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Published Aug 23, 2023

If you are looking for a different and interesting way to make handles for your pots, you might want to investigate how to make cane handles. Sure, you can buy pre-made cane or bamboo handles for pottery, but if you make them yourself, you can really make your mark.

In this post, an excerpt from the Pottery Making Illustrated archive, Barbara Banfield walks us through the process of making cane handles. If the thought of using another material to make handles seems intimidating, you’ll see that it is really pretty simple in Barbara’s straightforward instruction. - Jennifer Poellot Harnetty, editor

PS In the May/June issue of Pottery Making Illustrated you can learn how Barbara creates her clay baskets before adding the cane handles. The article includes step-by-step images of Barbara throwing the basket, which starts as a cylinder and is altered into an oval form with alternating slits.

Cane Handle Making

Throughout history, cane handles have been used on ceramic vessels of all sorts. Due to the nature of the cane material—its pliability and strength—the possibilities for design and function are endless. Your imagination is your only limitation. This is a very basic handle that you can extrapolate into numerous ideas.

There are a wide variety of reeds that can be used to make the handles. I use a ¼-inch-flat oval and the basic round reed (1). You can purchase the cane from companies that sell materials for caning and repairing chairs. A little research on the web will result in a supplier close to you.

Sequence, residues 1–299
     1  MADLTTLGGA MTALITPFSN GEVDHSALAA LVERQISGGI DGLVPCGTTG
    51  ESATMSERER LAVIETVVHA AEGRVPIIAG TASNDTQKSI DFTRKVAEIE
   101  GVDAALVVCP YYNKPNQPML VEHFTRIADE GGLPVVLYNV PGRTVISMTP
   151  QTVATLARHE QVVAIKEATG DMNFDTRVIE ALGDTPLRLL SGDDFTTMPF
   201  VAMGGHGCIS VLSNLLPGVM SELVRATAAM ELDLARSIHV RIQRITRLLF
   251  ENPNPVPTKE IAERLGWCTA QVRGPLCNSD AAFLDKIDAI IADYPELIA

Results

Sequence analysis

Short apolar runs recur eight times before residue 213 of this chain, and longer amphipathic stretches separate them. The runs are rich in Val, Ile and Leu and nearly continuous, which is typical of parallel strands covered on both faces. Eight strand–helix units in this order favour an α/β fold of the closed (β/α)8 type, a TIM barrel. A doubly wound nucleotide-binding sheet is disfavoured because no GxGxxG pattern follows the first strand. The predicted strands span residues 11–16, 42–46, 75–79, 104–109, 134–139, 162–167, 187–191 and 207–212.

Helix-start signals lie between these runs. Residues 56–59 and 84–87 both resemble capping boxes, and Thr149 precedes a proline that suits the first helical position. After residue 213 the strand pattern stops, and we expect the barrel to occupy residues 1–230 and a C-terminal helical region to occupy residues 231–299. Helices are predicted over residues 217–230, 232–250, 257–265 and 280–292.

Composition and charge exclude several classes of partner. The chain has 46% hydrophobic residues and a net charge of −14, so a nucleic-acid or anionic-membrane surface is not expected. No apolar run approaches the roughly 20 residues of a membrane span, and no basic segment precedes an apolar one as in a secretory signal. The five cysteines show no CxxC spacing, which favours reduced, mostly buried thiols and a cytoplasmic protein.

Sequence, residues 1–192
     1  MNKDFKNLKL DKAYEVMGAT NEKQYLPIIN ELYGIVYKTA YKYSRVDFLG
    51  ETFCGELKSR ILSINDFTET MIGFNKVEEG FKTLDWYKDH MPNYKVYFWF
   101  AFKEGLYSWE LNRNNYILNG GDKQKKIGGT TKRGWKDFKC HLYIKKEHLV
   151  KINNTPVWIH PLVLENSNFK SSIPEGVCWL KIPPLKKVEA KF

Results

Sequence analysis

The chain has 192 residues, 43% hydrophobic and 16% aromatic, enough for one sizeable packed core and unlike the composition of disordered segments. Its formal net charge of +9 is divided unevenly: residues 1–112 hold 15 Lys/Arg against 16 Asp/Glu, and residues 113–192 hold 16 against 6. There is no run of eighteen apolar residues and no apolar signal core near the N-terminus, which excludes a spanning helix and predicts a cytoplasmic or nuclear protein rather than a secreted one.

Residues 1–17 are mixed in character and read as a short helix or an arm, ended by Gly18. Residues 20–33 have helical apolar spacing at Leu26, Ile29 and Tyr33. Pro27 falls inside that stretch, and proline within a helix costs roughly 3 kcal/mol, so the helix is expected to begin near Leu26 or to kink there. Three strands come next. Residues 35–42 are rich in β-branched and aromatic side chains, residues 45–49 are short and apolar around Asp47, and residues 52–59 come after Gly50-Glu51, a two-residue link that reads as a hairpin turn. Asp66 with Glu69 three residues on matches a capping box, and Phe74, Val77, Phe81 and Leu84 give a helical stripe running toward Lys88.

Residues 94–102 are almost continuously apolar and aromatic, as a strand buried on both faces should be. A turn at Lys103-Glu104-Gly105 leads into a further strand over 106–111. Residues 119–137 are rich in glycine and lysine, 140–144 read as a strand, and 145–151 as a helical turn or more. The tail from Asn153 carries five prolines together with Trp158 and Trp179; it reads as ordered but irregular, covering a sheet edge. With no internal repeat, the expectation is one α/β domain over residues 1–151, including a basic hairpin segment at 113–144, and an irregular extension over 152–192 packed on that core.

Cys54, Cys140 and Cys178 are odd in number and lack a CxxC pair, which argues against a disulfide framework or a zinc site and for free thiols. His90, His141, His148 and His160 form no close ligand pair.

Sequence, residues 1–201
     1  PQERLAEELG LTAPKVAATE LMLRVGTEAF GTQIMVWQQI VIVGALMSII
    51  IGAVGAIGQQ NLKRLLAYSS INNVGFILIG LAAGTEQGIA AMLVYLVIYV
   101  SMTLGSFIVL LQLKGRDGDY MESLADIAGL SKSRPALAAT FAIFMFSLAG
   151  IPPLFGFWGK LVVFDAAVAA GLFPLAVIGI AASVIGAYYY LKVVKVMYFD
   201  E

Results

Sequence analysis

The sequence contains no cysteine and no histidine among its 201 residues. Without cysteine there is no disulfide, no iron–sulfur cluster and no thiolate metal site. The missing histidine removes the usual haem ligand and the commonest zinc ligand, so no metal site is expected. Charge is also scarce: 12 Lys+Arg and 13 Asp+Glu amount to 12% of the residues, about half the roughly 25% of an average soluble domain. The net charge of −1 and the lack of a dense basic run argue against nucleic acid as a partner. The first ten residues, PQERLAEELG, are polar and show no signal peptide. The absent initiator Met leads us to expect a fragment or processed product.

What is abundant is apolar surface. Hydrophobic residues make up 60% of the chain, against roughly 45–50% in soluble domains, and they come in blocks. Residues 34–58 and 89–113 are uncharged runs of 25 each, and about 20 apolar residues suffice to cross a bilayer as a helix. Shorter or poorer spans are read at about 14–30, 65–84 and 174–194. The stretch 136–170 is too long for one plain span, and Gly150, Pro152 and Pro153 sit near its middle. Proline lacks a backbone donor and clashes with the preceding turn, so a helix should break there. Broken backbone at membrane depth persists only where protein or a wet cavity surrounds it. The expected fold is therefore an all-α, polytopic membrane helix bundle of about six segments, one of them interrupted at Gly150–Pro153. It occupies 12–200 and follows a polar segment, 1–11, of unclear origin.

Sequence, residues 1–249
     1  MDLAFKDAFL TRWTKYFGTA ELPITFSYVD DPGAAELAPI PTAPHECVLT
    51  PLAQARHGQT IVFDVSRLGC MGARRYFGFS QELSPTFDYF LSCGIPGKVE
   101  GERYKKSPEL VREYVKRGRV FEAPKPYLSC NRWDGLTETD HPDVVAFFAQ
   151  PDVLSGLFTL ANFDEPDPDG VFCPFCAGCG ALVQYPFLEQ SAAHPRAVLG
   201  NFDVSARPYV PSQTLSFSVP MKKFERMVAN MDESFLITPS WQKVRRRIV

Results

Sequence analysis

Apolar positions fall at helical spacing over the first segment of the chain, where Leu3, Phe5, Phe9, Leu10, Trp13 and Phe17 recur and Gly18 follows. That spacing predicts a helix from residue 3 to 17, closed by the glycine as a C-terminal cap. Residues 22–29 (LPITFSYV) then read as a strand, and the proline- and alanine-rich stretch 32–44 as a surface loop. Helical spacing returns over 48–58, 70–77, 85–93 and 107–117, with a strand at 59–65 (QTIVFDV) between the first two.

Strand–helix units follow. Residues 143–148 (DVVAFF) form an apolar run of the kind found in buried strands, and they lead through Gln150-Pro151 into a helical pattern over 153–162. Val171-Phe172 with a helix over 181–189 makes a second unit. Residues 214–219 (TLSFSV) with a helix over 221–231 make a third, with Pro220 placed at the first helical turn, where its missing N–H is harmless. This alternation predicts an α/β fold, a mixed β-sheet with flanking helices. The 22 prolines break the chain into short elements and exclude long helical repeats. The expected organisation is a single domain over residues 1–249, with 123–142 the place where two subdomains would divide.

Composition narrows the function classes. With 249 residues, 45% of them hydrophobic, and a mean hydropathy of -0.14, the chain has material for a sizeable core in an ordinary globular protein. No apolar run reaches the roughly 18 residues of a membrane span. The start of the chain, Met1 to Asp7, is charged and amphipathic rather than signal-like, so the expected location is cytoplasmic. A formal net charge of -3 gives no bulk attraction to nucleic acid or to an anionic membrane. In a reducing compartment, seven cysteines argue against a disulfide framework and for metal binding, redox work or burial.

1 The two the most commonly used cane for handle making are the ¼-inch flat reed and the round reed. 2 Soak the reed in water for 4–6 hours before use. It needs to be soft enough to bend without splitting or breaking. 3 Use a single round reed to measure the length for the handle. Allow extra for over lapping and securing the ends.

Prepare your tools before you get started, as your hands get busy holding everything in place while you wrap the reed. You’ll need the following tools: needle-nose pliers, flat-nose pliers, scissors, and a spray bottle for water. Soak the quantity of reed you’ll need for at least 6–8 hours in water (2). You can use fabric dyes to add color to the cane.

Using a single strand of the round reed, measure the amount you will need, being sure to leave extra for overlapping on the ends (3). Select and cut the number of round reeds to attain the handle thickness that you want. Cut extra length and a few extra reeds. The round reeds fill the interior of the handle. The flat oval cane wraps tightly around the outside to secure the round reed. Holding the reeds, thread them through the lugs, back and forth over each other, loosely shaping the handle (4).

4 Cut the number of round reeds for the desired thickness of the handle. As the reed folds back, the thickness doubles 5 Hold the overlapped round reed tightly around the lug and start wrapping it snugly with the flat reed. 6 Continue wrapping and twisting evenly as you go around the handle right to the other side.

Next, securely hold the round reed at the base by the lug and position one end of the flat reed so that when you start wrapping, it will be caught under itself. Wrap the flat cane back over itself to secure it tightly (5). Continue wrapping the flat oval cane around the round reeds, twisting and tightening the flat oval cane and keeping it flat as you go (6). Tip: Spritz the reed with water to keep it moist and pliable.

When you get to the end of the wrapping, cut the flat oval cane on a sharp angle and feed the end back under the wrapped cane, tucking it up as far as possible (7). The wrapped cane can be tight; sometimes pliers can be useful to assist in pulling the reed back in order to keep it from unraveling. When the reed is secure, trim the loose ends to your liking (8).

As the cane begins to dry, it will tighten and shrink, which will make it stronger. You can always rehydrate the reed if you need to tighten or repair.

7 After wrapping, cut the flat reed sharply on an angle and feed it back under the wraps as far as possible to secure the end. 8 After the handle is completely wrapped, use a pair of scissors to cut the excess reed while it’s still damp. Finished baskets.
**First published in 2017